April is Poetry Month: Poem a Day #14

Taken from the Knopf site; direct link below.

Poem-a-Day

Edward Hirsch lost his son twenty-two-year-old son, Gabriel, in 2011. His most recent book is the frank elegy of a father who wants to see his son’s death clearly but also to narrate his life, in all its vivid and vexing detail, before it is rubbed dim by memory. Gabriel is one long poem, but the ten tercets on each page also make for individual shorter poems, allowing pauses for breath as the page turns or an image stops time for a moment. In this section, Hirsch ponders the difficulty of telling the story at all, given the “Lord of Misadventure” that was Gabriel.

                   

From the storybook of bluster
And bad judgment
From the annals of loneliness

From the history of kids he met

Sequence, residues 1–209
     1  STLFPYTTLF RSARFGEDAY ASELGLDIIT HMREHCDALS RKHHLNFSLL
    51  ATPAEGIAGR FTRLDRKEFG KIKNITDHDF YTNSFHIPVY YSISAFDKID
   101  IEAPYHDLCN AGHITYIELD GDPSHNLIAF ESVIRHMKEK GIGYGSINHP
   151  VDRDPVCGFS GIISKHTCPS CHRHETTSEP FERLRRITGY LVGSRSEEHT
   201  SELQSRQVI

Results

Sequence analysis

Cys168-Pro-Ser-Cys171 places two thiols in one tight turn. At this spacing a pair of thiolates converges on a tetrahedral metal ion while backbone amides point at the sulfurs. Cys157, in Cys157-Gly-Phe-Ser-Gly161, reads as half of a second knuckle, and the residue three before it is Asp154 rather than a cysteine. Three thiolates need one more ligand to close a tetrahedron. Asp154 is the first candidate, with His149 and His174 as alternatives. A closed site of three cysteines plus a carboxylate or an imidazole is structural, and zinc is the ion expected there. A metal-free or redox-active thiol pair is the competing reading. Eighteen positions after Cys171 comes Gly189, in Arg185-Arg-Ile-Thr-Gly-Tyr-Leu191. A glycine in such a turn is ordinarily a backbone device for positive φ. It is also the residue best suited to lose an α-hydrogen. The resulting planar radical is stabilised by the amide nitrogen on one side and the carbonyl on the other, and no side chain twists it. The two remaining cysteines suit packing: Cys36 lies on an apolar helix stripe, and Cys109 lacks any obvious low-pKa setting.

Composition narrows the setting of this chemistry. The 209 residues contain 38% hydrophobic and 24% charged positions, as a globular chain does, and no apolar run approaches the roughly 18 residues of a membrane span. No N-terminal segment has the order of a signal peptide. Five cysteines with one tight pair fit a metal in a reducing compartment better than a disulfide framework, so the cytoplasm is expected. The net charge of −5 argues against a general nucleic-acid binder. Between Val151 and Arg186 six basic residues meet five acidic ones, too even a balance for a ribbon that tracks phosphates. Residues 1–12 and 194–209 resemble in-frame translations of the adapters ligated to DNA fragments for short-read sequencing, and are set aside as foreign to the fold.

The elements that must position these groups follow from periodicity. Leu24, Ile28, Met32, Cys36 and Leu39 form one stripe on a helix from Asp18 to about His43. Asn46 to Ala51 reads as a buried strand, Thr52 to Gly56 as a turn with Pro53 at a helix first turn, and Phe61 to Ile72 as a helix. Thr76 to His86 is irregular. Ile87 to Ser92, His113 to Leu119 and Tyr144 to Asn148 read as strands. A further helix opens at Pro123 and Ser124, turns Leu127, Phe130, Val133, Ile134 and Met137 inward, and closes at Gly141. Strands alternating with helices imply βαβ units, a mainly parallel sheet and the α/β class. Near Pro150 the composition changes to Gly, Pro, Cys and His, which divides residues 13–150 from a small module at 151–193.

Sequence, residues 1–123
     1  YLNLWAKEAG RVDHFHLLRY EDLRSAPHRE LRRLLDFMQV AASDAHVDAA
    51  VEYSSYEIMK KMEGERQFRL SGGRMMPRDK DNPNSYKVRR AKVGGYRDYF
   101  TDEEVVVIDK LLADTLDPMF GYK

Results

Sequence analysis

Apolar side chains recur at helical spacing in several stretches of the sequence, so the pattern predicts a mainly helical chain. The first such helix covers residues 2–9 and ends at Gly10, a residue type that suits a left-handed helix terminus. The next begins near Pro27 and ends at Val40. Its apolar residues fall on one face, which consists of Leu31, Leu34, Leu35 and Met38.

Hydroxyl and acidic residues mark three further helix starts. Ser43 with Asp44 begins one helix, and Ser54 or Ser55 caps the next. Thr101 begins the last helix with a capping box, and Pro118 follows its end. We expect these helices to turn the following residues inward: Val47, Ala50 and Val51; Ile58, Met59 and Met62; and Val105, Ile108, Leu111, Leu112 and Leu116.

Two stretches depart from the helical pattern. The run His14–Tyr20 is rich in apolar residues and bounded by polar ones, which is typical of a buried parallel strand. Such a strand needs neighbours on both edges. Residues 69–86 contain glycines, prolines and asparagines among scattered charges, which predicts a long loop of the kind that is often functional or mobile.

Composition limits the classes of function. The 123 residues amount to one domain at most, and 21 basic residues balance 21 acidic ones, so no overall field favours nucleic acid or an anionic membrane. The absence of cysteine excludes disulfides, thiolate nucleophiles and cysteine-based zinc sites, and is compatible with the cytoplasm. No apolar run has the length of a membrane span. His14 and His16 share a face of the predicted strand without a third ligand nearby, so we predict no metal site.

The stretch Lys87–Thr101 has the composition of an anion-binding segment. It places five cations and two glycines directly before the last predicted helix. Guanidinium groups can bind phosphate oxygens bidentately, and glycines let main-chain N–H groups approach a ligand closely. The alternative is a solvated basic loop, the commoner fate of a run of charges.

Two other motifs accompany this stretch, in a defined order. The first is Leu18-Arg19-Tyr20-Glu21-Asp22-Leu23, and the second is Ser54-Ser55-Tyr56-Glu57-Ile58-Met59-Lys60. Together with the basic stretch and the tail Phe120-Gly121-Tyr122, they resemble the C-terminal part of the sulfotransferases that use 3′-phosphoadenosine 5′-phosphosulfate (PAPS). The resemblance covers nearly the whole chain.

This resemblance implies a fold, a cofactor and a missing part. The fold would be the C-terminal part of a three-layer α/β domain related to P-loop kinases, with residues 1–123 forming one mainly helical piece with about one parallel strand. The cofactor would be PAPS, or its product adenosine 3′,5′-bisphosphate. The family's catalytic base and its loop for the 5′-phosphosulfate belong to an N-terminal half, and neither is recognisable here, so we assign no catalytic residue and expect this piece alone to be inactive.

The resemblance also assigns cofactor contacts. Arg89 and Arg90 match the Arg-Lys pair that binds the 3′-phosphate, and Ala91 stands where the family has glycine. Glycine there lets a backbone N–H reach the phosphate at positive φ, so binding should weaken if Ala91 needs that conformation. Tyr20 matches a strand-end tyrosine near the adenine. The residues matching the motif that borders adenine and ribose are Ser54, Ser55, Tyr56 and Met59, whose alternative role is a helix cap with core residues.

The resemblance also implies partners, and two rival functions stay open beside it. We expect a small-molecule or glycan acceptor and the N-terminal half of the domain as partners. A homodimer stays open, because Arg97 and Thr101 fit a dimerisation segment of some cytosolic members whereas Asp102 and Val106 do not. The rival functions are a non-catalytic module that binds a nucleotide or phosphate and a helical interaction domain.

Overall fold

On the street in special programs
It was dangerous to stay in Amherst

Lord of Misadventure
I’m scared of rounding him up
And turning him into a story

God of Scribbles and Erasures
I hope he shines through
Like a Giacometti portrait

I keep scraping the canvas
And painting him over again
But he keeps slipping away

He was like a spider
Preyed on by other spiders
And older insects

Sweet venom
His arrivals were swift
And his departures sudden

I couldn’t understand how
He lifted the shower door
Right off its hinges

When Gabriel cooked
The flames rose too high
And the fire alarm sounded

When the fire alarm sounded
He tore it off the wall
And left the wires dangling

~ Edward Hirsch